Someone who is dependent/addicted to Cannabis needs to undertake a treatment plan where they can achieve abstinence: both in the immediacy of being in a rehab centre, and long term. This is achieved, as always, with a thorough pre-admission assessment by an experienced clinician. There is no “detox” for cannabis. Those with acute psychosis will need a level of medical supervision that is, ordinarily, outside the scope of a rehab centre. However, this is rare and, ordinarily, the vast majority of those with a dependency/addiction to Cannabis can be successfully treated in a rehab centre.

    For the first few days, close medical monitoring is required while the user settles into the therapeutic programme on offer, either a 12 step or SMART based approach. Many centers augment the core therapy programme with adjunctive therapies such as:

    * Art therapy

    * Yoga

    * Mindfulness

    * Music therapy

    * Exercise and group walks

    * Individual therapy (for those attending for more than a week)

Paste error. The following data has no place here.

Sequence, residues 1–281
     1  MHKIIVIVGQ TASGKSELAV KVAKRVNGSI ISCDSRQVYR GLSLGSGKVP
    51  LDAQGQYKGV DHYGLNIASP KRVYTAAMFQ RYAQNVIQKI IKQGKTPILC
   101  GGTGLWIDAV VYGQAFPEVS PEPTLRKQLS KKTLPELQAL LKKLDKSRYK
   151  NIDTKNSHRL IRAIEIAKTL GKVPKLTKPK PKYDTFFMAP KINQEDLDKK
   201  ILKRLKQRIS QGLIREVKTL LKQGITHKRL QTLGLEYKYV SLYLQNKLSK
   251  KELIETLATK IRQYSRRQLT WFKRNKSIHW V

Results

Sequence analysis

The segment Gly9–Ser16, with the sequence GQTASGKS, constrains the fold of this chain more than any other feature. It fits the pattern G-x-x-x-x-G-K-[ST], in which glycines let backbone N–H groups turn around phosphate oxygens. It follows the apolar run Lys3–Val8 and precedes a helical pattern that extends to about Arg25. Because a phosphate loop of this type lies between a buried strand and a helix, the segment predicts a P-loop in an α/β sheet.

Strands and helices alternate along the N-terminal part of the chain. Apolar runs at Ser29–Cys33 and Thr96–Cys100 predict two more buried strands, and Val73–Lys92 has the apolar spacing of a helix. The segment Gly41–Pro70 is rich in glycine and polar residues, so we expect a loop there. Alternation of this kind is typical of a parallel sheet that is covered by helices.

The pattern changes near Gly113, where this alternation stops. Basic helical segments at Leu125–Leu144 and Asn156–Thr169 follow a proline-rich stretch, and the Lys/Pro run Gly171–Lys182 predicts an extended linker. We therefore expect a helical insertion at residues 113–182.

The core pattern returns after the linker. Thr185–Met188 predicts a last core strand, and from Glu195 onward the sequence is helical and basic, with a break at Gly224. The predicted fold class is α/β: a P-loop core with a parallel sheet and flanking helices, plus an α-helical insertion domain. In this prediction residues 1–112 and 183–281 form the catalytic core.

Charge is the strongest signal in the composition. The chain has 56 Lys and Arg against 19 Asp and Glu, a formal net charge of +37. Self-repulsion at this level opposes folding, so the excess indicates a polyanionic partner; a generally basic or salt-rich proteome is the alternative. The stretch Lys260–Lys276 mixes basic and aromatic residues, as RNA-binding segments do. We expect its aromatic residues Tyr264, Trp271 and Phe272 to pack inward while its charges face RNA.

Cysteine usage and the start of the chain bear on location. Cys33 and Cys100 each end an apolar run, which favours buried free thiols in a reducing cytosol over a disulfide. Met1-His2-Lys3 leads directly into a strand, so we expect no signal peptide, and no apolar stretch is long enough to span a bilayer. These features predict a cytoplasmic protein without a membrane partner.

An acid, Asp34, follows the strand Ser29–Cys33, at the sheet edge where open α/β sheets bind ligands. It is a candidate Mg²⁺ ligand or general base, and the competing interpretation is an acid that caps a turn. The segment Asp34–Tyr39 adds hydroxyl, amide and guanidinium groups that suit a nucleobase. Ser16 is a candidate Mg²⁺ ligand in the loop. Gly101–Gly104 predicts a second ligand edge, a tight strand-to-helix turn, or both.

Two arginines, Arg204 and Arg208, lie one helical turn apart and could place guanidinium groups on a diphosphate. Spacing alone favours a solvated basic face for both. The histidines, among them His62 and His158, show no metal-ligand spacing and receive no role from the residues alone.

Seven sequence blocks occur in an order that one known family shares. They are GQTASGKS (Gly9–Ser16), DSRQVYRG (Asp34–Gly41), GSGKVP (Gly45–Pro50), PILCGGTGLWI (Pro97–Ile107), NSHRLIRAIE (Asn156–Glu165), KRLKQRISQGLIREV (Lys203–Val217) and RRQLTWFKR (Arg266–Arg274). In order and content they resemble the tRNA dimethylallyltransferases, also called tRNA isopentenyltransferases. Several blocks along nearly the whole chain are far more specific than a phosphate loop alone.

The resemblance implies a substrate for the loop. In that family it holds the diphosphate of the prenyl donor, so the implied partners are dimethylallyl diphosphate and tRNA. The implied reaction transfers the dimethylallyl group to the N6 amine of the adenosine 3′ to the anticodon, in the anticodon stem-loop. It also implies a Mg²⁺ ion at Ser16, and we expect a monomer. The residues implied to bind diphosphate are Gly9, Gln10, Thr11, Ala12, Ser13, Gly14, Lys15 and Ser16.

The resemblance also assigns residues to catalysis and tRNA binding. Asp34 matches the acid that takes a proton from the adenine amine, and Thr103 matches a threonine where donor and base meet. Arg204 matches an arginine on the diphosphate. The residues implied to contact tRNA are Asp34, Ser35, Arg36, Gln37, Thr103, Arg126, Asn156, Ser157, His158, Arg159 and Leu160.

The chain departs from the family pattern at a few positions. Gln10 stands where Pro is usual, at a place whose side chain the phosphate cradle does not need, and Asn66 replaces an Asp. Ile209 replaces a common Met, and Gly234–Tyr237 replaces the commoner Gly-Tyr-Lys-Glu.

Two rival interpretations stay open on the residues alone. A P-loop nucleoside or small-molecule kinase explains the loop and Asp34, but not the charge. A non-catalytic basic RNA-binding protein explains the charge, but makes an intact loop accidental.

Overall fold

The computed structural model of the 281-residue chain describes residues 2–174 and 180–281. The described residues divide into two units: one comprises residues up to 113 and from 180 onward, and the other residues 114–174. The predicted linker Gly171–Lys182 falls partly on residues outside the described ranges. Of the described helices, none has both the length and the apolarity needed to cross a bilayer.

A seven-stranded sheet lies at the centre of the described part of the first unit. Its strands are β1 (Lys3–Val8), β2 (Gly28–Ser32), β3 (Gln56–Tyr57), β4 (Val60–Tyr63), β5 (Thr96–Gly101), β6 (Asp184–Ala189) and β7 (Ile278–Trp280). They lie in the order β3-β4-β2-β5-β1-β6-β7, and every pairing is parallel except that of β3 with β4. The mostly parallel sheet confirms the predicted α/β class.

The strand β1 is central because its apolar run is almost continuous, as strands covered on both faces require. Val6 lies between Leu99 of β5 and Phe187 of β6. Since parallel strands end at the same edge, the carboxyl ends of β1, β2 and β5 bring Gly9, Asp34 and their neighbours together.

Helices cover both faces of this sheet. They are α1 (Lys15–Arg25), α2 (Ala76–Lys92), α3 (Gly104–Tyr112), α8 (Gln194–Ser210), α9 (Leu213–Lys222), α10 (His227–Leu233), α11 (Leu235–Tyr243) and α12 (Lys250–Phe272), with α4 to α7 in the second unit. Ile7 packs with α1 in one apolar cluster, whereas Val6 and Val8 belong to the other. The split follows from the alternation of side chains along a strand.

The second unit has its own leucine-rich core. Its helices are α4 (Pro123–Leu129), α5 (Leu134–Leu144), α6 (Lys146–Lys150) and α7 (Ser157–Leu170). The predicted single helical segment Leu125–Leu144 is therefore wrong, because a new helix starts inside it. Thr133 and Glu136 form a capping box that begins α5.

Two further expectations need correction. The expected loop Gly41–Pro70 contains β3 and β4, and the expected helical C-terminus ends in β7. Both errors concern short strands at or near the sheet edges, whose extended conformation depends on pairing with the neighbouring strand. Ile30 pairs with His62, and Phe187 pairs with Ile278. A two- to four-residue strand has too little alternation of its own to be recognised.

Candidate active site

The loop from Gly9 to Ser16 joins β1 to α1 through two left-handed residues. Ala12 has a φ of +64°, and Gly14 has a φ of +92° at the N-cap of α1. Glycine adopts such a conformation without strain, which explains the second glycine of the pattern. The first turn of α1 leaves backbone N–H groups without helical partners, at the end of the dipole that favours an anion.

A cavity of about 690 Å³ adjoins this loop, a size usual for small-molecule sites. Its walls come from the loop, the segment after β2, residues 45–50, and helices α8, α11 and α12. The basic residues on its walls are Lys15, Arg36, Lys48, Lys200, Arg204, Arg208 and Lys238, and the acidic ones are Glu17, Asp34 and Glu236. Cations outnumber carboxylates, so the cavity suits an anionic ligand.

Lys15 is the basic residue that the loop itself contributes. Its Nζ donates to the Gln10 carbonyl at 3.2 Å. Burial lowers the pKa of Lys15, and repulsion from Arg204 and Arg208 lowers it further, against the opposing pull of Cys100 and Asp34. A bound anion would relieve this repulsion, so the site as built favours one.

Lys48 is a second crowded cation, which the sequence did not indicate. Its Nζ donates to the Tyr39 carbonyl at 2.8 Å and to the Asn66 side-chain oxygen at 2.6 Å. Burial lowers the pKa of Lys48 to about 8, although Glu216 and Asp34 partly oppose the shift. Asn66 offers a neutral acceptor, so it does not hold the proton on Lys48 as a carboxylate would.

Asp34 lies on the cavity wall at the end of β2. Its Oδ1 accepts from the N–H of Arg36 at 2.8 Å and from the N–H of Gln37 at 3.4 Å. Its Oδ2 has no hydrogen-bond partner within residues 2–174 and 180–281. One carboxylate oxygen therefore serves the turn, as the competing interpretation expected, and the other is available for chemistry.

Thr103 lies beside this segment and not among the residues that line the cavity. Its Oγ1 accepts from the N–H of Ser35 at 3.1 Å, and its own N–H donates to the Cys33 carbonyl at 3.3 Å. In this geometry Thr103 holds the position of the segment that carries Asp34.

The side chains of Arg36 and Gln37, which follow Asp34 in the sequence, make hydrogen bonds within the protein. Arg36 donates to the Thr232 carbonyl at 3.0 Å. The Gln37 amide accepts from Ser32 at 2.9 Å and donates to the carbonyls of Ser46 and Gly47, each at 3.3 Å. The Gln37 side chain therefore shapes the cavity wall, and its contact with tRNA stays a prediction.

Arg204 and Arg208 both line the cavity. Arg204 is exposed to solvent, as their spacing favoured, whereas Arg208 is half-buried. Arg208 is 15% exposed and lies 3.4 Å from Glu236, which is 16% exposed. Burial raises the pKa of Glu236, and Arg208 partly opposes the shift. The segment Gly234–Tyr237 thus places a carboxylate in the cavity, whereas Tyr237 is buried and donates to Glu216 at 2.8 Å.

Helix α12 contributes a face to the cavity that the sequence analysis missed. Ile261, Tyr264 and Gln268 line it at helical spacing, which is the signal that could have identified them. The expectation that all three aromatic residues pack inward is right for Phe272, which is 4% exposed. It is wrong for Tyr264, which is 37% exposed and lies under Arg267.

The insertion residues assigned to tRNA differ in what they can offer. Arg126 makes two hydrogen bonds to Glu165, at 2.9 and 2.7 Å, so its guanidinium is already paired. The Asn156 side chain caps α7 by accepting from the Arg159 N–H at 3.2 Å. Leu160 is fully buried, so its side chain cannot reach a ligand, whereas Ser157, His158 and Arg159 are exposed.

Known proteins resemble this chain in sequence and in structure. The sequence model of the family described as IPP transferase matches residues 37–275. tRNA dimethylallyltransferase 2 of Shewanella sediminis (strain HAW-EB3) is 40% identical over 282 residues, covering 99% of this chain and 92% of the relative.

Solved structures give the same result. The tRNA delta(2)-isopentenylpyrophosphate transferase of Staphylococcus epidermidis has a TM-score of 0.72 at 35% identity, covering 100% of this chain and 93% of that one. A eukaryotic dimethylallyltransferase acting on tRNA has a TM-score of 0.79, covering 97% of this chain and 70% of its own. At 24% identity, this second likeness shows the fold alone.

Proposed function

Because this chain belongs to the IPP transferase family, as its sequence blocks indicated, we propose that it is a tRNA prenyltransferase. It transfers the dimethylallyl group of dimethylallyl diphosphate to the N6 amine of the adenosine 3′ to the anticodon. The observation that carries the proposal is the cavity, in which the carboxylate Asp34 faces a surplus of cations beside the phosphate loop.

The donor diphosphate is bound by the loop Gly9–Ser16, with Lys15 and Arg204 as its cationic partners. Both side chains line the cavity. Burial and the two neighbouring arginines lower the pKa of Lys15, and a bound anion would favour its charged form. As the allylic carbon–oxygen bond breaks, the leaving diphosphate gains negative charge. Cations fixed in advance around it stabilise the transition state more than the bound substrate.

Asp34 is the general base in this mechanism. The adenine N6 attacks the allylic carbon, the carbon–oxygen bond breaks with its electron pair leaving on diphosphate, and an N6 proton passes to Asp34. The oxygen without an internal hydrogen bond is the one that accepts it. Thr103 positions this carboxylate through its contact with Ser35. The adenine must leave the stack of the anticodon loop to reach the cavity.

Those in treatment work on their recovery capital: The resources that a person has available to them to find, and maintain, their recovery. There are four aspects to this:

    * Personal :An individuals human and physical resources so that they can fulfill their essential, day to day, needs.

    * Family/social :These relate to close and intimate relationships with both friends and family and interactions with those also in recovery

    * Community: This relates to resources available in the community as well as wider government policy. This can include religious and pastoral support as well as support organizations such as NA.